From: Flick Harrison (email suppressed)
Date: Thu Jun 12 2008 - 10:22:20 PDT
Interesting new copyright law was tabled in Canada today. The
comments forum on this article is like a mirror of this discussion,
but at a consumer - popular level.
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On 12-Jun-08, at 7:47 AM, Jorge Amaro wrote:
> I believe that the hall of shame was removed. In an ideal world, we
> wouldnt have to go to New York, San Francisco, London and maybe Paris
> to watch such films, that are lots off working class people interested
> in them aswell and as much as I believe that artists have rights over
> the film, they do films for the people, and in most cases of the
> mountain doesnt come to maomeh, maomeh goes to the mountain. And
> unfortunately there isnt much they can do.
> As for Ken Jacobs, I was extremmely surprised when I noticed that my
> dvd set of Star Spangled to Death (which with customs tax was
> incredibly expensive, almost 110 euros) didnt have a single mention to
> copyright anywhere. Just screening instructions which i followed
> faithfully. I dont care about Peter Kubelka and never seen any Dorsky
> (unfortunately) so I really dont know.
> I believe that what he means is not the artist losing that kind of
> control over the work, that kind of control is what copyright should
> stand for, and that is not property.
> You can have a son and beat him up, for him to be like you want him to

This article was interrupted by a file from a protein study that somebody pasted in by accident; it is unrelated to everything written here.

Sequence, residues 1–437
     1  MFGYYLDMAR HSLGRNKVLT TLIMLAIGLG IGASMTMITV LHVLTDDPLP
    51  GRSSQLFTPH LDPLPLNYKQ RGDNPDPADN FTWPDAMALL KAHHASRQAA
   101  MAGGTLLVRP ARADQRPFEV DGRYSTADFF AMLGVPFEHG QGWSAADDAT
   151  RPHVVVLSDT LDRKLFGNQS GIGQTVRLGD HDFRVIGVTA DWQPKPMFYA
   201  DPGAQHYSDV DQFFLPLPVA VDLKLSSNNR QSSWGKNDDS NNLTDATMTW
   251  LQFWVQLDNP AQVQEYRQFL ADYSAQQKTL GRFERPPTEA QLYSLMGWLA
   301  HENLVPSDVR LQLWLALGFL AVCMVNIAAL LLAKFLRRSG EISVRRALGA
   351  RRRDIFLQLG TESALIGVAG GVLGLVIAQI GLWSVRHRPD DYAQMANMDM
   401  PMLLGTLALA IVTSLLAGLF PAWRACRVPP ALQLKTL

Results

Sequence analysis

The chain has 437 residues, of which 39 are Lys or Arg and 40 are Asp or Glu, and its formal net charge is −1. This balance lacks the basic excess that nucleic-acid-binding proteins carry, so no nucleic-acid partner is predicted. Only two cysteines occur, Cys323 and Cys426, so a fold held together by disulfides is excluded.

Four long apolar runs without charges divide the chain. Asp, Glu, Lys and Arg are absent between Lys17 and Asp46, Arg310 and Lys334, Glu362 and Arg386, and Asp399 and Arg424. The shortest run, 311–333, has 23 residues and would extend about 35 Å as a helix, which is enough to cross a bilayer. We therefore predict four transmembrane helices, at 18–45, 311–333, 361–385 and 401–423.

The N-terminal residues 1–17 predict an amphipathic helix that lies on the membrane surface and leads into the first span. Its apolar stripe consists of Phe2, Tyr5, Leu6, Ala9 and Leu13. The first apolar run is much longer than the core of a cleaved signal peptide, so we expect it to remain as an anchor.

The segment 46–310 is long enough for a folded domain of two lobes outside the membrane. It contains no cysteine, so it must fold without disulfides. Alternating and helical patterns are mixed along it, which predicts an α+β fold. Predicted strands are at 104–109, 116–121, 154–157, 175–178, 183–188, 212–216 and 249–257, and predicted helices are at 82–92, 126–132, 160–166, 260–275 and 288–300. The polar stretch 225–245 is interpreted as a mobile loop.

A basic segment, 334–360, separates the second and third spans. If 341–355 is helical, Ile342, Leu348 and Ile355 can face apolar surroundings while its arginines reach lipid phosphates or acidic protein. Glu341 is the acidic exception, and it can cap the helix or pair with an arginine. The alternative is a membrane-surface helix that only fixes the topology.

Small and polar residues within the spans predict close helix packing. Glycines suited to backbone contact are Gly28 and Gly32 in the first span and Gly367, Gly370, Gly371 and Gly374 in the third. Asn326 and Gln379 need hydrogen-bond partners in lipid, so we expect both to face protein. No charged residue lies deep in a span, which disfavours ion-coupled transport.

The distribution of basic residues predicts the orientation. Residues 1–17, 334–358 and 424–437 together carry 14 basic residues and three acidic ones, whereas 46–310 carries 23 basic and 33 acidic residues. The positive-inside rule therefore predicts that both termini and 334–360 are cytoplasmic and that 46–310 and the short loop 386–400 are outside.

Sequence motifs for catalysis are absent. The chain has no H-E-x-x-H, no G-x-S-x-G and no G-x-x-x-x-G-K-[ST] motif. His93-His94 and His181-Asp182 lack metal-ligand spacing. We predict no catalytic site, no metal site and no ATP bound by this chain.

> be, force him, because he is your son, but sooner or later he will go
> away and there is nothing you can do about it, but he is still and
> always be your son.
> 2008/6/12 James Cole <email suppressed>:
>>> But obviously, in an ideal world, there'd be no property rights
>> Is this really obvious?
>> Artists spend a lot of time, effort, and (gasp!) money so that their
>> work looks a certain way. Some artists (for example, Ken Jacobs,
>> Robert Beavers, Nathanial Dorsky, and Peter Kubelka, just to name a
>> few) have specific projection instructions or venue requirements. In
>> an ideal world, they would have total control over how thier work is
>> shown, and they wouldn't end up in a "hall of shame" for not wanting
>> bad copies of their work to be shown for free on the internet.
>> For info on FrameWorks, contact Pip Chodorov at <email suppressed>.
> For info on FrameWorks, contact Pip Chodorov at <email suppressed>.
For info on FrameWorks, contact Pip Chodorov at <email suppressed>.